MAINGEAR Vybe Mid-Tower Chassis
The front of the Vybe is a blank slate in black with only a MAINGEAR logo in the middle top portion of the front panel. This logo is RGB lit and will either work with an included remote or sync to your motherboard, depending upon your preference.
The top of the Vybe has a magnetically affixed split metal grate filter covering the top mounting of the chassis. The lip at the rear edge is where you can get leverage to pull it up and off of the chassis. This specific top filter design we have seen before, most recently on the Lancool One Digital from Lian Li. As we dig further in this chassis, you will see the similarities to the Lancool One Digital we covered recently.
The front panel I/O is on the front panel, but instead of being up top, it is on the lower front panel on the main chassis panel side. This will be great for systems on a desk next to your display. But can become a real pain for those who place their system on the floor or below their desks. The front I/O consists of the following:
- Power button with integrated LED power ring
- USB 3.2 Gen 2 Type-C
- 3x USB 3.2 Gen 1 Type-A
- Separate microphone and headphone 3.5mm jacks
I do like this I/O array although I do wish that the chassis did not waste a USB 3.2 Gen 1 interface as one of the Type-A's still uses a full 20-pin motherboard header. Overall this is still a very stout I/O and offers respectable connectivity compared with many chassis at this price point.
The main chassis panel is tempered glass, which slides on and off and uses thumbscrews to affix to the rear of the chassis. Inside we spy the Apex ICS in place along with a roll of bubble wrap, which holds the drain line fitting. There are not any airflow openings on this side, which are visible as of yet.
On the rear of the Vybe, we get another look at the similarities to the Lancool One Digital, and while I am not sure if MAINGEAR used Lian Li directly, they potentially used the same OEM that Lina Li uses. Here we see a pretty standard layout with seven standard expansion slots and two verticals. The vertical bracket for GPU is sold separately and sells for around $45.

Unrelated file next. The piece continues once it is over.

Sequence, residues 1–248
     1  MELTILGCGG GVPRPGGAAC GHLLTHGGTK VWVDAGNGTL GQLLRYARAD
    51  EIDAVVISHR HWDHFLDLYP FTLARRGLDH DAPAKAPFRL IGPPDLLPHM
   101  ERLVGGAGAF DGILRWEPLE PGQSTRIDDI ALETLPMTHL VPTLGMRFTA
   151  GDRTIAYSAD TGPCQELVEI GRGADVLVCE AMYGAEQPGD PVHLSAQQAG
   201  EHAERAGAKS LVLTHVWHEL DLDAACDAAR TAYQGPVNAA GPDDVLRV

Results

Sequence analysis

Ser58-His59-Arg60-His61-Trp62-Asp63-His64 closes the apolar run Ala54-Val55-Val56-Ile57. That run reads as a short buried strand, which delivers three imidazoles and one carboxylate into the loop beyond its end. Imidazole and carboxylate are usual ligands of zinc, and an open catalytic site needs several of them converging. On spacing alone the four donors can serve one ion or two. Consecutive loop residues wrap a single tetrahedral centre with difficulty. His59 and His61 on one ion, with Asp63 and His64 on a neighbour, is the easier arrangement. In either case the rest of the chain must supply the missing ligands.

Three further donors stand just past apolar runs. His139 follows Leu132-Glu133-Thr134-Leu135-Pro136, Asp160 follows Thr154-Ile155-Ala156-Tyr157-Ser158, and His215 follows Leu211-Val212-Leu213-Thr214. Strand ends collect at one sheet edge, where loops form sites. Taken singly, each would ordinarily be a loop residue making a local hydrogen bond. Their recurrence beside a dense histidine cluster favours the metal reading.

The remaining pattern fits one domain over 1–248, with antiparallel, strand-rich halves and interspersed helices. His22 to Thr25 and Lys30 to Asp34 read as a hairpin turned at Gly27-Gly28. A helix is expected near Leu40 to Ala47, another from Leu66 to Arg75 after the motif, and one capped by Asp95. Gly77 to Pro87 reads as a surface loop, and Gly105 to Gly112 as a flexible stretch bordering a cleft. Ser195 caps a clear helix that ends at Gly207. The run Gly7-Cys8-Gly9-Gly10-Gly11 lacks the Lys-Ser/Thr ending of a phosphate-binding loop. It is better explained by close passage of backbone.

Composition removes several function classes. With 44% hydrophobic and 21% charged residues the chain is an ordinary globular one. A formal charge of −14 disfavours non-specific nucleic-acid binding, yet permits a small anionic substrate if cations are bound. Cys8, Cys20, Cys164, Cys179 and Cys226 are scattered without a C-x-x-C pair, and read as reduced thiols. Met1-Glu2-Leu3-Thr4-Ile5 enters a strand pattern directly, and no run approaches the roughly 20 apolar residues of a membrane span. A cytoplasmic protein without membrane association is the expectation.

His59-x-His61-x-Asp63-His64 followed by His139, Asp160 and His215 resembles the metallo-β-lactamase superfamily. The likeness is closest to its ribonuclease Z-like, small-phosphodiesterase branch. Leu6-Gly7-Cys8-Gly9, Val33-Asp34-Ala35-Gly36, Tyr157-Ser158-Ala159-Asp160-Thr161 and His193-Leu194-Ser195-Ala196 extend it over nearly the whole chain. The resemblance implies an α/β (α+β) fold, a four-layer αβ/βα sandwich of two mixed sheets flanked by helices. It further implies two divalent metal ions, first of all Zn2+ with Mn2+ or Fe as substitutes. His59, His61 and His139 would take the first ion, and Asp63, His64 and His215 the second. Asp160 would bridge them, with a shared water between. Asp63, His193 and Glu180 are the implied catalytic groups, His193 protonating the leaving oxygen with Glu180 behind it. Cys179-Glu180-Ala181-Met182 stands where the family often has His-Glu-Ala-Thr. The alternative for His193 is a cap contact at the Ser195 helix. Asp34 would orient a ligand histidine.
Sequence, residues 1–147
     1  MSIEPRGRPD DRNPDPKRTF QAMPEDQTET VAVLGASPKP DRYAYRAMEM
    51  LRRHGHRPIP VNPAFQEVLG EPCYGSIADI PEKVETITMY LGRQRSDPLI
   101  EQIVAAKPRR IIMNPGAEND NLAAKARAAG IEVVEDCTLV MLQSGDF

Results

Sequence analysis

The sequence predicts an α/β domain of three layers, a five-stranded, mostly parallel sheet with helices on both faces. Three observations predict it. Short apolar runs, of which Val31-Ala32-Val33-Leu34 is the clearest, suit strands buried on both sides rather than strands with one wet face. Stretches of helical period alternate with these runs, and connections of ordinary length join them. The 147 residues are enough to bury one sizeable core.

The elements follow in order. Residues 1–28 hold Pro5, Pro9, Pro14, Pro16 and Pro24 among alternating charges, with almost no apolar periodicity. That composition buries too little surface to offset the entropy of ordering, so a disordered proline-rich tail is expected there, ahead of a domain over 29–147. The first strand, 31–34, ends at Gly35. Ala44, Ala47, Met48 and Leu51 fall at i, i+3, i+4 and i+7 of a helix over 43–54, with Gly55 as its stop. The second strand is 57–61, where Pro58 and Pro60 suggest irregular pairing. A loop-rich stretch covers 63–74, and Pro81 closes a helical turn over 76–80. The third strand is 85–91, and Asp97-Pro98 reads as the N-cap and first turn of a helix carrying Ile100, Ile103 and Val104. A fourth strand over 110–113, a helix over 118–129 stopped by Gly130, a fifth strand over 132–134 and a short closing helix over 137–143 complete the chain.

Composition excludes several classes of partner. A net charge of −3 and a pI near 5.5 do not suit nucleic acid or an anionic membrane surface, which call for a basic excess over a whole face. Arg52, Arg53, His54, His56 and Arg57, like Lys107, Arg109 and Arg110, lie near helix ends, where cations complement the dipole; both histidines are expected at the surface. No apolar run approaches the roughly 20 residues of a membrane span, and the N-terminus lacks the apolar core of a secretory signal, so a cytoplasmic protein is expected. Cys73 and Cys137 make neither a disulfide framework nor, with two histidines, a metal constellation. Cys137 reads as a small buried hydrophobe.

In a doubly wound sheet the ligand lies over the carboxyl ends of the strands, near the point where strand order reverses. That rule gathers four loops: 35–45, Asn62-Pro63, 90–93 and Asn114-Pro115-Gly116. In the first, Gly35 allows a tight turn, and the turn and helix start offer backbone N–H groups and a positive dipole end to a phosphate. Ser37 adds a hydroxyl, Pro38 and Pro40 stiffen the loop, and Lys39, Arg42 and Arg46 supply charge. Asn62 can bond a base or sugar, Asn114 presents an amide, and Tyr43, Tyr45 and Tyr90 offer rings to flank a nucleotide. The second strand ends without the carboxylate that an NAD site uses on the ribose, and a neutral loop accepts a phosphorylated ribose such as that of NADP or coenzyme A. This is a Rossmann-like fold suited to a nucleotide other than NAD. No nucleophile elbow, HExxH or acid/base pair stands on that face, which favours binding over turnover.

The cable management side of the Vybe we see is a substantial steel panel, which also affixes to the rear of the chassis with thumbscrews. The front panel is ventilated from top to bottom on this side, which feeds air into the front fan area.
At the bottom of the Vybe, we see four plastic feet with square rubber pads. The feet butt up against the front panel, which hangs just a few mm above the rubber pads, so the chassis from the front appears to flow right to the desk or floor surface it sits upon. The internal 3.5" HDD cage is adjustable via the stepped line of screw openings you see here so you can adjust the cage forwards or backward to fit either longer PSU or radiator and fans below the shroud. The HDD cage can also be removed if you prefer. Lastly, we see the removable and cleanable dust filter over the PSU area.
Here we have the filter removed, and you can see the elongated fan area to fit various PSU sized while offering clean, cooling airflow from below.
Last updated: Jan 3, 2020 at 06:11 am CST
- Page 1 [Introduction, Specifications, and Pricing]
- Page 2 [Packaging]
- Page 3 [MAINGEAR Vybe Mid-Tower Chassis]
- Page 4 [Inside the Vybe]
- Page 5 [Inside the Vybe Continued]
- Page 6 [Hardware & Documentation]
- Page 7 [Case Build & Finished Product]
- Page 8 [Liquid cooling parts for the build]
- Page 9 [Liquid cooled finished build]
- Page 10 [Final Thoughts]